According to the accusations, the number of days the Union flag is displayed will be cut from 15 to just one - Remembrance Day.
The row comes amid claims published guidance has been changed for 2018.
Critics say the Union flag has been previously flown above many of Scotland’s best-known public buildings and visitor attractions - but the Scottish Government said there had been no change in policy since 2010.
First Minister Nicola Sturgeon described the criticism as “nonsense”.
Taking to Twitter, she said: “It has been the practice to fly the Lion Rampant from government buildings on Royal occasions since 2010.
“There has been no change in policy or practice since then.”
The Scottish Government said the published guidance had been updated by officials to reflect actual practice since 2010 and the Union flag will be flown on the same number of days in 2018 as previous years.
However, Theresa May’s official spokesman said it was up to the SNP Government to explain why the Union flag was no longer being flown on important public dates such as the Queen’s Birthday.
“It’s up to Nicola Sturgeon and the Scottish Executive to explain the reasons behind their decision,” the spokesman said.
“The Prime Minister thinks [the Union flag] is an important symbol of our Union, and the Union is something that she believes in fiercely.”
A spokesman for Labour leader Jeremy Corbyn refused to be drawn on the row, saying it was “entirely a matter for the Scottish Government”.
SNP Westminster leader Ian Blackford also played down the dispute, saying: “There is no issue about any disrespect to any flag in any of this. It’s about respecting the Royal Family, if anything, and about respecting the important anniversaries that we have to mark.”
Asked if Scots “give two hoots” about which flag is flown, Mr Blackford added: “No, in short.”
The Ross, Skye and Lochaber MP said opposition leaders at Holyrood said: “We have to recognise that there are divisions in society, and the responsibility that all of us have is trying to heal those divisions as far as we possibly can.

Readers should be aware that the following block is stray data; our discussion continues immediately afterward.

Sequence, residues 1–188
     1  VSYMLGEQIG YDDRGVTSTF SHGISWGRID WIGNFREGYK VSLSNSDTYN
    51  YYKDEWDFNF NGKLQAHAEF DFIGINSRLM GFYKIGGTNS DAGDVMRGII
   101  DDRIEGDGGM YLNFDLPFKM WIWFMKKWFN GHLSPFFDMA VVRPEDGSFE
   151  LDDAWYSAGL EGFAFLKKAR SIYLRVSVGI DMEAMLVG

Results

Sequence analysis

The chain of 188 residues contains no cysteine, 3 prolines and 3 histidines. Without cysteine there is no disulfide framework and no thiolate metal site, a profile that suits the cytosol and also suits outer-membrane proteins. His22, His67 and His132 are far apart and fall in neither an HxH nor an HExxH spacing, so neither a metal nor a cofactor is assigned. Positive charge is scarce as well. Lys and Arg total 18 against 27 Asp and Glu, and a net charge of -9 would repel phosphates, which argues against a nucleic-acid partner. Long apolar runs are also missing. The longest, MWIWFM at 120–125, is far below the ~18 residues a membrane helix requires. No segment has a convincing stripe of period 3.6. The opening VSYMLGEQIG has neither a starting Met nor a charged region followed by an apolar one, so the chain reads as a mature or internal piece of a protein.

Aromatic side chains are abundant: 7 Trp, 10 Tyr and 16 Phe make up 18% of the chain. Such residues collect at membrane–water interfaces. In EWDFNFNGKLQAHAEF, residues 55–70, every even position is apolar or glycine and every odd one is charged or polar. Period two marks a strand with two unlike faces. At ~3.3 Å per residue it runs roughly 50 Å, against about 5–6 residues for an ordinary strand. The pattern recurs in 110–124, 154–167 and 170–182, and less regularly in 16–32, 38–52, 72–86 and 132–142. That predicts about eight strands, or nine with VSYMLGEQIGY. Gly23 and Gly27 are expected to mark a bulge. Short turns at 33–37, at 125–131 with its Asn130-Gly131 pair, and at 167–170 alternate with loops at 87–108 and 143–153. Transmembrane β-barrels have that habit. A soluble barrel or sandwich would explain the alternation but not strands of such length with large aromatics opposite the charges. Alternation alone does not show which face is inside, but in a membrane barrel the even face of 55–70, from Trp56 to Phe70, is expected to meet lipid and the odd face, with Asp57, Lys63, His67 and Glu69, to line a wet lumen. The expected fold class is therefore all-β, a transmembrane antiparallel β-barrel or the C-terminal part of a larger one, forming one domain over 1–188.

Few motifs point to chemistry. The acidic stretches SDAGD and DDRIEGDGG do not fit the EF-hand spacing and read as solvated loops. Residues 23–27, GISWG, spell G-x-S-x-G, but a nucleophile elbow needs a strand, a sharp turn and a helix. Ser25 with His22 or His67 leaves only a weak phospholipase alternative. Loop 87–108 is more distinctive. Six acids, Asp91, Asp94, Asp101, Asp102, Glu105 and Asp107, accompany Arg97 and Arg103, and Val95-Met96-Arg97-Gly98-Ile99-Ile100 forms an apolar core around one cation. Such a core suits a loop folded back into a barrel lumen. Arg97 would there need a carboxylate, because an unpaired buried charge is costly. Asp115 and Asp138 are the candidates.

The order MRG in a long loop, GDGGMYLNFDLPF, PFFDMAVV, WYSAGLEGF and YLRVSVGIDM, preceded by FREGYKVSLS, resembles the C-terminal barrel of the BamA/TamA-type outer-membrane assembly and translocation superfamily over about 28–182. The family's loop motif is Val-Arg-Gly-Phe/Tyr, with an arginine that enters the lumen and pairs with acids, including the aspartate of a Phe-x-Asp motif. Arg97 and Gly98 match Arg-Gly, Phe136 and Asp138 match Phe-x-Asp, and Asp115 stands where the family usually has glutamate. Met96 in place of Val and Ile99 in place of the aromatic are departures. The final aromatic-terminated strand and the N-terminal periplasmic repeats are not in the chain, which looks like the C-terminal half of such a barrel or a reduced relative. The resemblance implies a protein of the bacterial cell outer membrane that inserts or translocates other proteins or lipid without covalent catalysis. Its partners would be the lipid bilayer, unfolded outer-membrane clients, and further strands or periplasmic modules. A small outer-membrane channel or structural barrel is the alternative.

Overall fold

“We have to understand that there are different opinions on these things and be respectful. That responsibility extends to the other opposition leaders as well, and not to try and trumpet these things as something which they are not.”
Conservative MSP Murdo Fraser said: “Nicola Sturgeon is always keen to stress that her civic nationalism is nothing to do with flags and banners. Yet here we have her trying to eradicate the Union flag from government buildings in Scotland.
“This is another example of the SNP pushing its separatist agenda by stealth.”
He added: “Refusing to fly the flag on the Queen’s birthday may well appeal to the extreme elements of the nationalist movement, but ordinary members of the public will be altogether less convinced.”
A Scottish Government spokeswoman said: “There has been no recent change whatsoever to the policy or practice relating to the flags that are flown from government buildings.
“The Royal Banner (Lion Rampant) has been flown on Royal occasions since 2010.
“The policy has not been changed under the current First Minister - the public guidance has simply been updated by officials in response to queries to match long-standing practice.”
Former First Minister Alex Salmond has also waded in, claiming responsibility for the change he claims took place in 2010.
He said: “The hoisting of Lion Rampant had nothing whatsoever to do with Nicola Sturgeon.
“I changed the policy on flag flying back in 2010 after an audience with Her Majesty the Queen at Balmoral the previous year.”
Leader of the Scottish Conservatives, Ruth Davidson, labelled the changes as “dismal stuff”.
She added: “The SNP government should be more concerned with raising standards, not lowering flags.”
But Ms Sturgeon hit back at Ms Davidson, tweeting: “Memo to PM’s new ‘fake news’ unit. The first line of defence against fake news is for your own politicians to stop peddling it.”